}

Execution Operator (``)

The PHP execution operator consists of backticks (``) and is used to run shell commands. The output of the command will be returned, and may, therefore, be stored in a variable.

// List files
$output = `ls`;
echo "<pre>$output</pre>";

Note that the execute operator and shell_exec() will give the same result.

Incrementing (++) and Decrementing Operators (--)

Variables can be incremented or decremented by 1 with ++ or --, respectively. They can either precede or succeed variables and slightly vary semantically, as shown below.

$i = 1;
echo $i; // Prints 1

// Pre-increment operator increments $i by one, then returns $i
echo ++$i; // Prints 2

// Pre-decrement operator decrements $i by one, then returns $i
echo --$i; // Prints 1

// Post-increment operator returns $i, then increments $i by one
echo $i++; // Prints 1 (but $i value is now 2)

// Post-decrement operator returns $i, then decrements $i by one
echo $i--; // Prints 2 (but $i value is now 1)

More information about incrementing and decrementing operators can be found in the official documentation.

instanceof (type operator)

For checking whether some object is of a certain class, the (binary) instanceof operator can be used since PHP version 5.

The first (left) parameter is the object to test. If this variable is not an object, instanceof always returns false. If a constant expression is used, an error is thrown.

The second (right) parameter is the class to compare with. The class can be provided as the class name itself, a string variable containing the class name (not a string constant!) or an object of that class.

class MyClass {
}

$o1 = new MyClass();
$o2 = new MyClass();
$name = 'MyClass';

// in the cases below, $a gets boolean value true
$a = $o1 instanceof MyClass;
$a = $o1 instanceof $name;
$a = $o1 instanceof $o2;

// counter examples:
$b = 'b';
$a = $o1 instanceof 'MyClass'; // parse error: constant not allowed
$a = false instanceof MyClass; // fatal error: constant not allowed
$a = $b instanceof MyClass;    // false ($b is not an object)

instanceof can also be used to check whether an object is of some class which extends another class or implements some interface:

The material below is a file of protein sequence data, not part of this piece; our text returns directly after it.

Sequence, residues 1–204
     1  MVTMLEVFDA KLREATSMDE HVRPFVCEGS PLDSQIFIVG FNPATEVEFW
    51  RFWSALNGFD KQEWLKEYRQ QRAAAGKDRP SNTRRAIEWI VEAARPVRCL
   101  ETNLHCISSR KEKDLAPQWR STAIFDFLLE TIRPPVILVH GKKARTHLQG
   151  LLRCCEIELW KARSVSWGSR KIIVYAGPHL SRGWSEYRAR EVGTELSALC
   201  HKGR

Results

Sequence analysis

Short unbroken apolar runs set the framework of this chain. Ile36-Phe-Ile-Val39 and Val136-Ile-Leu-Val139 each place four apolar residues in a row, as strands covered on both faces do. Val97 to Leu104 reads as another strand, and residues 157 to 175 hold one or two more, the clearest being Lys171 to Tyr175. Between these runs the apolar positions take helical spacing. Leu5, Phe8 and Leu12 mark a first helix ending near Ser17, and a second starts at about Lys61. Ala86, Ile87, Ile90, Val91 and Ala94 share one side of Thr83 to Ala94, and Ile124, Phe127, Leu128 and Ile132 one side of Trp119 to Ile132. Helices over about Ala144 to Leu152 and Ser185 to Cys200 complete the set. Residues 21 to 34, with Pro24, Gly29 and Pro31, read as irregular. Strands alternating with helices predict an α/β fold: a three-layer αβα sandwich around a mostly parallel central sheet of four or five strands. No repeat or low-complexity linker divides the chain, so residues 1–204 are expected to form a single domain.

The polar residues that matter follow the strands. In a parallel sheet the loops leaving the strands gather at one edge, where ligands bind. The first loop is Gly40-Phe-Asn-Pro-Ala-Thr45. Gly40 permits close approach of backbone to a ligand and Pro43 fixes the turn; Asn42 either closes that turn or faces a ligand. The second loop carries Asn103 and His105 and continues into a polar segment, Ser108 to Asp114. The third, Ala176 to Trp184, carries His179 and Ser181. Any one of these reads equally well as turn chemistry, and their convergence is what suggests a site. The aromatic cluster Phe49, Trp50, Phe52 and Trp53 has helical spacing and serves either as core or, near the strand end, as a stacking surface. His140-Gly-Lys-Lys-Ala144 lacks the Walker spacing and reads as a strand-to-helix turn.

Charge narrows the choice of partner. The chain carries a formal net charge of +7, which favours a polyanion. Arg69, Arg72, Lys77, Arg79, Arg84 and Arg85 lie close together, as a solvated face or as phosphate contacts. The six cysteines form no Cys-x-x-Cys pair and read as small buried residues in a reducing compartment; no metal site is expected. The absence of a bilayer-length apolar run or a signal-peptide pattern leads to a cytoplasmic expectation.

interface MyInterface {
}

class MySuperClass implements MyInterface {
}

class MySubClass extends MySuperClass {
}

$o = new MySubClass();

// in the cases below, $a gets boolean value true    
$a = $o instanceof MySubClass;
$a = $o instanceof MySuperClass;
$a = $o instanceof MyInterface;

To check whether an object is not of some class, the not operator (!) can be used:

class MyClass {
}

class OtherClass {
}

$o = new MyClass();
$a = !$o instanceof OtherClass; // true

Note that parentheses around $o instanceof MyClass are not needed because instanceof has higher precedence than !, although it may make the code better readable with parentheses.

Caveats

If a class does not exist, the registered autoload functions are called to try to define the class (this is a topic outside the scope of this part of the Documentation!). In PHP versions before 5.1.0, the instanceof operator would also trigger these calls, thus actually defining the class (and if the class could not be defined, a fatal error would occur). To avoid this, use a string:

// only PHP versions before 5.1.0!
class MyClass {
}

$o = new MyClass();
$a = $o instanceof OtherClass; // OtherClass is not defined!
// if OtherClass can be defined in a registered autoloader, it is actually
// loaded and $a gets boolean value false ($o is not a OtherClass)
// if OtherClass can not be defined in a registered autoloader, a fatal
// error occurs.

$name = 'YetAnotherClass';
$a = $o instanceof $name; // YetAnotherClass is not defined!
// $a simply gets boolean value false, YetAnotherClass remains undefined.